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Ford: boomers leading trend to compact utility vehicles

Industry data supplied by Ford Motor Company and Del Webb, part of the multi-brand homebuilder PulteGroup, show that the baby boomer segment (ages 55 to 64), which comprised the growing market for large homes and made minivans and big SUVs vogue are now shifting to still lavish, but smaller homes and utility vehicles.

Small utility vehicles are most popular with buyers in this age group; more than 46% of premium Ford Escape Titanium buyers are 56 or older, indicating trendsetting boomers are opting for high-series models loaded with technology and amenities. Baby boomers who purchase homes from Del Webb, which caters to the 55-plus market, prefer more efficient, one-story homes; premium options these buyers specify add about 20% to the price of the home.

Vehicles. An uptick in small utility vehicle sales started in 2004 and has continued a steady climb, according to retail sales data from Polk, which was recently acquired by IHS. Correlating with the number of adults considered to be baby boomers is the number of smaller, car-based utility vehicles being sold to that demographic.

The largest demographic buying small utility vehicles such as the Ford Escape are people between the ages of 55 and 64, according to Polk. The second-largest demographic are those between 45 and 54. The number of 65- to 74-year-olds purchasing small utility vehicles has more than doubled since 2009 – growing at more than twice the rate of new retail vehicle sales overall in the demographic, according to the same data.

Ford Escape is outpacing the industry in key population segments, including every age demographic above 55 years old.

In year-over-year retail sales, Escape is experiencing 24% growth—outpacing the national compact utility vehicle average increase of 18%. Escape is over-indexing in four cities particularly attractive to baby boomers: Miami, up 53%; Orlando, up 34%; Phoenix, up 27%; and Charlotte, N.C., up 26%.

The 2014 Ford Escape compact utility vehicle features 98.1 cubic feet of passenger volume—about a 21.4% difference from the 2014 Ford Explorer’s 151.7 cubic feet. Between Ford Escape and Ford Expedition, there is an estimated 31% difference in passenger volume.

Houses. The trend in homes increasing in size was a constant from the 1950s on, with average home sizes going from 860 square feet in 1960 to 2,505 square feet in 2012. While baby boomers helped fuel that trend, data shows they are now breaking away, seeking cozier homes with top-of-the-line amenities and features, according to Del Webb, which found 28% of people between the ages of 55 and 59 prefer to downsize with their next home purchase.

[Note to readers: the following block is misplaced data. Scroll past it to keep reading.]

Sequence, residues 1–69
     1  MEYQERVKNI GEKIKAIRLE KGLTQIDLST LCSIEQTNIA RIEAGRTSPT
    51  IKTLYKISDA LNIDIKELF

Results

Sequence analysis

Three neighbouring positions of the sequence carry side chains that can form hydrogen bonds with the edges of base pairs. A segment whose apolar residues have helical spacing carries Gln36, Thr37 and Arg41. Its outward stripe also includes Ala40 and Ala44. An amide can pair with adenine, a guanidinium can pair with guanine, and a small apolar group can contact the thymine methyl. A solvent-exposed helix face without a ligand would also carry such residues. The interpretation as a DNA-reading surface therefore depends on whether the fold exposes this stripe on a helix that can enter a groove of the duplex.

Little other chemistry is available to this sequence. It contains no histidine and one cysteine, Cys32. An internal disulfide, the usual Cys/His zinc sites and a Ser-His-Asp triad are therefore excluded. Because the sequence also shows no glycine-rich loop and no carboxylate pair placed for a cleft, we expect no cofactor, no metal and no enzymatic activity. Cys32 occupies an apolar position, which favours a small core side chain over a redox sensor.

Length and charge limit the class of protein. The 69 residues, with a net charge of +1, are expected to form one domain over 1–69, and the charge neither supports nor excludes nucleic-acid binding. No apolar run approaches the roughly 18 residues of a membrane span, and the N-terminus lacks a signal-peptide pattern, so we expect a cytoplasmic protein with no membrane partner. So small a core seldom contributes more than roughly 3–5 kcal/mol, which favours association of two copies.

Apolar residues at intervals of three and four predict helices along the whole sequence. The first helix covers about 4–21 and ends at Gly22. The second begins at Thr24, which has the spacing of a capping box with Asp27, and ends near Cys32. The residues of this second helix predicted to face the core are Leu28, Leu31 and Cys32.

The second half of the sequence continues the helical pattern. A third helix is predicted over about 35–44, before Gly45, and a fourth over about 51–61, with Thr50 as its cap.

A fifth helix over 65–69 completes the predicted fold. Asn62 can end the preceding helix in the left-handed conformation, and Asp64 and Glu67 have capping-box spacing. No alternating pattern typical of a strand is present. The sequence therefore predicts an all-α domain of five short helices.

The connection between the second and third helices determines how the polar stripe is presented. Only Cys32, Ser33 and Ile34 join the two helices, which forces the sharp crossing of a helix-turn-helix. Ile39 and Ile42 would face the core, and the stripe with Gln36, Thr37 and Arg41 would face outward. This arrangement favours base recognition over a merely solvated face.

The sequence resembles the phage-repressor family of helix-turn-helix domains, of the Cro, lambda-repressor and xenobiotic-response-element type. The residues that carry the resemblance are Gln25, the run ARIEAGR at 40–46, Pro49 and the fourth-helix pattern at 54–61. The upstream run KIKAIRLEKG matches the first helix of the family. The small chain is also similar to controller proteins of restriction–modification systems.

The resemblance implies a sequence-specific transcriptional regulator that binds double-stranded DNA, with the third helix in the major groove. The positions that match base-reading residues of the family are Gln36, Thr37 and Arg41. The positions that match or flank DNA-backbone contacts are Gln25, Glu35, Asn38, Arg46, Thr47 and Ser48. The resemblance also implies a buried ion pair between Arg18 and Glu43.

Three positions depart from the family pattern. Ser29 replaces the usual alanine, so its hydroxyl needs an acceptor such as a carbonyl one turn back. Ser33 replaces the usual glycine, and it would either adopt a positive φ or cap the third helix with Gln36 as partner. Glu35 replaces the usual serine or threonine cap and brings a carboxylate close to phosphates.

Homes built by Del Webb, the largest builder of 55-plus communities, average approximately 2,200 square feet with plenty of demand for additional living space, such as lofts and sunrooms. These premium-style homes typically include two bedrooms and two bathrooms, a den and a 2.5-car garage.

The average price of a Del Webb home in 2013 was $302,000, with buyer-selected options and upgrades representing approximately 20% of that price.



Some 97% of the current FULL baby boomer generation (50 to 70) have, for the first time in USA and Canada, less buying power and NET accumulated real wealth than their parents.

Consequently, they will have to downsize their home, vehicles and most other expenditures.

If the transfer of wealth from the 97% to the 3% continues at the current rate, the next generation will have to face the same reality. The baby boomers 2 or X generation will probably have to use public transportation more and further downsize their home and other expenses.

Future smaller lower price electrified vehicles may help to fill the gap for one generation or so. The reduction of crude oil importation to zero will also help if a major part of the benefits is passed on to the 97%. Unfortunately, that MAY NOT happen and most of the benefits will be hidden away in tax heavens as usual.

The American and Canadian middle class is progressively becoming poorer. Their net income has been going down for the last 12 to 15 years (in 2000 dollars). To compensate, they have been going deeper in debt, 3 or 4 different ways: (personal, local city and district government and Federal government etc). Many more had to resort to personal bankruptcy. For the first time, large cities have declared bankruptcy. Federal and States/Provincial governments also had to go deeper and deeper in debt.

The Debt Bubble may be the next one to burst unless the 3% starts to pay a larger share of the burden.

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